McClintock traced genes through the changes in the colored kernels of maize. In the 1930s she discovered "crossing over," in which chromosomes break and recombine to create genetic changes. In the 1950s, she discovered the occurrence of transposable genetic elements and their effect on gene expression; that is, that genes are not fixed like pearls on a string but that they move or "jump" around. She found the first jumping gene on the short arm of chromosome 9. Because the gene broke the chromosome into two parts, she called the gene "DS" or dissociation element. She called the jumping genes "control elements" because they inactivated neighboring genes on the chromosome. The element, which causes the gene to jump, she called "AC" or activator element.
McClintock's findings were ignored, partly because the complex development patterns of maize were not as clear to everyone else (especially non-maize geneticists) as they were to her. In the 1970s, molecular biologists isolated transposable elements in bacteria and discovered that they were used by cells to control genes, revealing the same discovery that McClintock had made twenty years earlier in maize.
In time, McClintock's work was appreciated and lauded. She received many awards for her research in maize, including an Award of Merit from the Botanical Society of America (1957), the Kimber Genetics Award from the National Academy of Science (1967), the National Medal of Science (1970), the Louis and Bert Freedman Foundation Award for Research in Biochemistry (1978), the John D. and Catherine T. MacArthur Foundation Prize (1978), the Lewis S. Rosenstiel Award (1978), the Albert Lasker Basic Medical Research Award (1981), the Wolf Foundation Award (1981), the Louisa Gross Horwitz Prize (1982), the Charles Leopold Mayer Prize (1982), and the Nobel Prize in Physiology or Medicine (1983). McClintock was the first woman to win an unshared Nobel Prize in that category and the third woman to win an unshared Nobel Prize in science.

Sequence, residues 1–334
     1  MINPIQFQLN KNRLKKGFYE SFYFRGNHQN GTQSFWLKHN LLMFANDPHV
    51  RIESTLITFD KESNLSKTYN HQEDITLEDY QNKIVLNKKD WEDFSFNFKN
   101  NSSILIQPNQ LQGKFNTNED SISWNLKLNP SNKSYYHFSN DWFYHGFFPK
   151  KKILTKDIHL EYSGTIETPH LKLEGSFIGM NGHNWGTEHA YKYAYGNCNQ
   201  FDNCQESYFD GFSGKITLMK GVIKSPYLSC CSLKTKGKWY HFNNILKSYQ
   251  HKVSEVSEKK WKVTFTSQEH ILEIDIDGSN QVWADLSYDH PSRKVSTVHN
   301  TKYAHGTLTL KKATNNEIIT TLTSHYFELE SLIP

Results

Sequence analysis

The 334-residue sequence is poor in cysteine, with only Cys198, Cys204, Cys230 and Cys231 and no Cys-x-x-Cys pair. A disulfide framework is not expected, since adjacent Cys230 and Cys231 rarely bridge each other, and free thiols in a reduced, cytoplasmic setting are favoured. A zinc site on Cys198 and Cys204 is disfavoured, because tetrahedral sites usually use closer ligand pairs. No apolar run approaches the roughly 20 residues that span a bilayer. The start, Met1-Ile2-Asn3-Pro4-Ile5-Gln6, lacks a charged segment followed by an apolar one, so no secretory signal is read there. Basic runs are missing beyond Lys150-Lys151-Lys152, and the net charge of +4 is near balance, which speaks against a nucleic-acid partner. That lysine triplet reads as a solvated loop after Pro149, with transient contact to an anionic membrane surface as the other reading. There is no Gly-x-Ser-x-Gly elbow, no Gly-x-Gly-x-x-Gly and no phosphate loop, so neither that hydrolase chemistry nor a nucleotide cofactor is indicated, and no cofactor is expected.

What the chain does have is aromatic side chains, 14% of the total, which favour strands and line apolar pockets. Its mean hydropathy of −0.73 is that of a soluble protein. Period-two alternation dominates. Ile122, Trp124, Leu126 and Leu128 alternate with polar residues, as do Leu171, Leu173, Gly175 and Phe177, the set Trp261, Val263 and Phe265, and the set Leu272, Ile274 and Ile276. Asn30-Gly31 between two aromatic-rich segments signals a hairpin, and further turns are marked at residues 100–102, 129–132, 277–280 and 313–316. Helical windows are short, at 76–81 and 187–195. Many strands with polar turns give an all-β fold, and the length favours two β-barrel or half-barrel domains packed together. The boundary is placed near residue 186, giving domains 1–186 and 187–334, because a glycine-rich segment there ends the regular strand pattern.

McClintock also received numerous honorary degrees, including those from Georgetown University, Harvard University, University of Cambridge, and Yale University. She was a member of various societies, including the American Academy of Arts and Sciences, the American Association for the Advancement of Science, the American Institute of Biological Sciences, the American Philosophical Society, the American Society of Naturalists, the Botanical Society of America, the Genetics Society of America (by which she was elected Vice President in 1939 and the first woman President in 1945), the National Academy of Sciences (she was the third woman ever elected), the National Women's Hall of Fame, the New York Academy of Sciences, and the Royal Society of London.
Barbara McClintock died on 2 September 1992 at age ninety.
From the guide to the Barbara McClintock Papers, 1927-1991, (American Philosophical Society)
|Place Name||Admin Code||Country|
|Wolf Foundation Prize|
|Crossing over (Genetics)|
|National Medal of Science|
|Women in science|
|Women in science|